I am not arguing that simply attaching “class” to the program of a small or large sect turns it into a revolutionary party. But in order for a party to actually carry out the struggle against the bourgeoisie to its conclusion, to not back away when the struggle suddenly becomes more complex, or requires different methods than just “winning elections”, it needs to define not just its ideology, but its whole existence as an organ of class struggle. By limiting itself to a policy list, no matter how broad or in-depth, the party will always be either too vague and weak when facing changing conditions, or too inflexible in times of calm – that is the crux of my argument against sectarianism (broad or narrow).

Syriza defined itself on the basis of some vague and incoherent populism, combined with one specific promise: the end of the memoranda. When in government, it had no actual basis on which it govern: what does “power to the people” mean in the abstract? Syriza, not having a specific class line, could simply define “power to the people” as “power to Syriza, who will increase the amount of democracy in Greek society”. Any decisions Syriza made were to be informed by a vague and inexistent “popular interest”, which could be redefined to mean any bloody thing from exiting the memoranda to entering the memoranda. And even when trying to reinforce this baseless populism with a plebiscite on the memoranda, they simply betrayed it.

Syriza’s structure was only accountable to their own idea of what counts as “broad left”; just like the PT in Brazil, or other left-populist organizations. Even though much of the class struggle in Greece involved opposition to the memoranda, and so many Greek workers followed Syriza, this does not change the fact that Syriza was not and is not a class party, but instead operates as the classic political sect – defined by nothing but its own, hypocritically-changeable ideas. Whereas the whole existence of the Bolsheviks, or even the original Social Democratic parties, was just “the organ of the class in the class struggle”, Syriza was “officially the organ of all Greeks – but let’s be honest here… everybody claims that”.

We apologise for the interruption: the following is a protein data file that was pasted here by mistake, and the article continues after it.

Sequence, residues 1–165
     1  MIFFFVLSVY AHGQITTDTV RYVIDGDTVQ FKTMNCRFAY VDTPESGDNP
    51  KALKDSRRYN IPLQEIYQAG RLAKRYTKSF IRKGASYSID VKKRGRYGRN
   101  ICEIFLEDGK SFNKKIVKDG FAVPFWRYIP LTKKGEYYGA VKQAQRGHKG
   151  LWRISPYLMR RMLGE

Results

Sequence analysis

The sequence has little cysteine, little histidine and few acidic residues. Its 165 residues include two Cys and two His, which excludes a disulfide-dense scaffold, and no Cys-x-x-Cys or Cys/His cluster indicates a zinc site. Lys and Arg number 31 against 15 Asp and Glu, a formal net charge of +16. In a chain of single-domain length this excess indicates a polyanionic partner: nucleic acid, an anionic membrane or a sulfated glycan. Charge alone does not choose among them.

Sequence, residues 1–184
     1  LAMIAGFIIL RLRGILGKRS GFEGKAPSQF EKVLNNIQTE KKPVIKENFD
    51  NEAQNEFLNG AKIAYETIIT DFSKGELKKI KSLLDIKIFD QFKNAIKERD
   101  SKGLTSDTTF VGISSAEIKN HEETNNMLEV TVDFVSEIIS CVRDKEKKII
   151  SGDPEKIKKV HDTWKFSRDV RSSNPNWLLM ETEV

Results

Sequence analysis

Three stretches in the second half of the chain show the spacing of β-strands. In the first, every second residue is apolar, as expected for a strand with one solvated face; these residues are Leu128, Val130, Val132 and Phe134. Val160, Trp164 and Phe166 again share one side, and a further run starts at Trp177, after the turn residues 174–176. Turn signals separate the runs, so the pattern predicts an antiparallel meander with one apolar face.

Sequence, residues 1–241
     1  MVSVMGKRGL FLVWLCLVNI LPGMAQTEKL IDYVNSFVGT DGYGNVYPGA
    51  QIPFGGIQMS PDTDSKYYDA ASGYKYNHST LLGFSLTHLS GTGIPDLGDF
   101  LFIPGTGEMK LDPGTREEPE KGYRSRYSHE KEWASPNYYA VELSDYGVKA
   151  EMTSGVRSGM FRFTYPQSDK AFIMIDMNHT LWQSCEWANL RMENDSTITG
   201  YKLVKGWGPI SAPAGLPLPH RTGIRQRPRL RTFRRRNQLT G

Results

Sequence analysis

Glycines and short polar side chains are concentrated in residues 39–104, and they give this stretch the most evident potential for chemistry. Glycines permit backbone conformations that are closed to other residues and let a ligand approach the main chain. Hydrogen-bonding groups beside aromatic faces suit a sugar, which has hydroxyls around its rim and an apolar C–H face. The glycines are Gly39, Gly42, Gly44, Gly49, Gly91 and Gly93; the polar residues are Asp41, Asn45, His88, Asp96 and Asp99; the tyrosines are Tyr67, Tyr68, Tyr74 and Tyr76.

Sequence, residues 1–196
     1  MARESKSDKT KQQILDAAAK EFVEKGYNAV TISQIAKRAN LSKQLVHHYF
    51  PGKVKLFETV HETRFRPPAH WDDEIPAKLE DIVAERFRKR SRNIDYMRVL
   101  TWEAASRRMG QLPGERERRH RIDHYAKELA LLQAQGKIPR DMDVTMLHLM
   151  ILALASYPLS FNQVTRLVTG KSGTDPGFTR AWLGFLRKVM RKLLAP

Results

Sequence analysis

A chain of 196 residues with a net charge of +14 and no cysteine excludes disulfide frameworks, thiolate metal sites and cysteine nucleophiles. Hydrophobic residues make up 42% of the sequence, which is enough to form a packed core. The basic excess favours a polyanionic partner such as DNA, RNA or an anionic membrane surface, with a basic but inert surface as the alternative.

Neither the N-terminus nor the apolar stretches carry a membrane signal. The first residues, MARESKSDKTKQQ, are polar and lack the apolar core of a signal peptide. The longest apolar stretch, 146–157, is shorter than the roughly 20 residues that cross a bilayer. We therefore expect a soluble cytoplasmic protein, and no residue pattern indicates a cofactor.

In the absence of a proper root behind the party, we start fetishizing the party itself, which lets us forget about the class nature of politics – and this is the exact origin of bourgeois politics.

Of course, let us not get ahead of ourselves here. The Greek movement against austerity and the memoranda was correct; “social movements” in general are not to be discarded. And let us also remember the following: this is not some complaint by someone who expected socialism to arise out of Syriza or any of its substitutes. Socialism cannot possibly exist when class consciousness is worse internationally than it was in 1848; even from a purely reformist perspective that doesn’t care about socialism, a party like Syriza is still infinitely-inferior to a class party that works with democracy on the inside, without forgetting about the class struggle. And remembering the “class parties” can still attract people outside of the class with their program is also crucial here.

Nevertheless, with the most elementary critique of Syriza complete, we can move on to specific issues posited by the structure of a broad sect, as well as the question of state power in general.

Part II: Referenda and State Power

A question which might naturally arise from this is whether we should just abandon electoral politics altogether. I have made it clear that I do not think abandoning elections, or abandoning the existence of parties in general is the solution here; and I do not want the position opposed to Syriza-like groups to be misinterpreted as “ultra-leftism”. It would be ultra-leftism to denounce Syriza because it does not yet demand the overthrow of state power; it would be ultra-leftism to denounce Syriza because it does not call itself a communist party. It would not be ultra-leftism, however, to denounce a group when it no longer operates as an organ of class struggle; this is a simple but very important distinction.

The class struggle does not always take an illegal form, it does not always take the form of “just overthrow the government immediately”. It might also be that the workers in a country seize power, and the conditions for socialism are not there: the country is too unstable for planning, or a huge peasant economy exists, etc.; does this make these workers “counter-revolutionary”? No, it just means that their class struggle has not yet advanced to a certain point. If, however, a party in charge suddenly betrays the class struggle below, accepts total imperialist domination, and remains in power – what can that situation even be classified as? Many leftists find it impossible to draw the line here.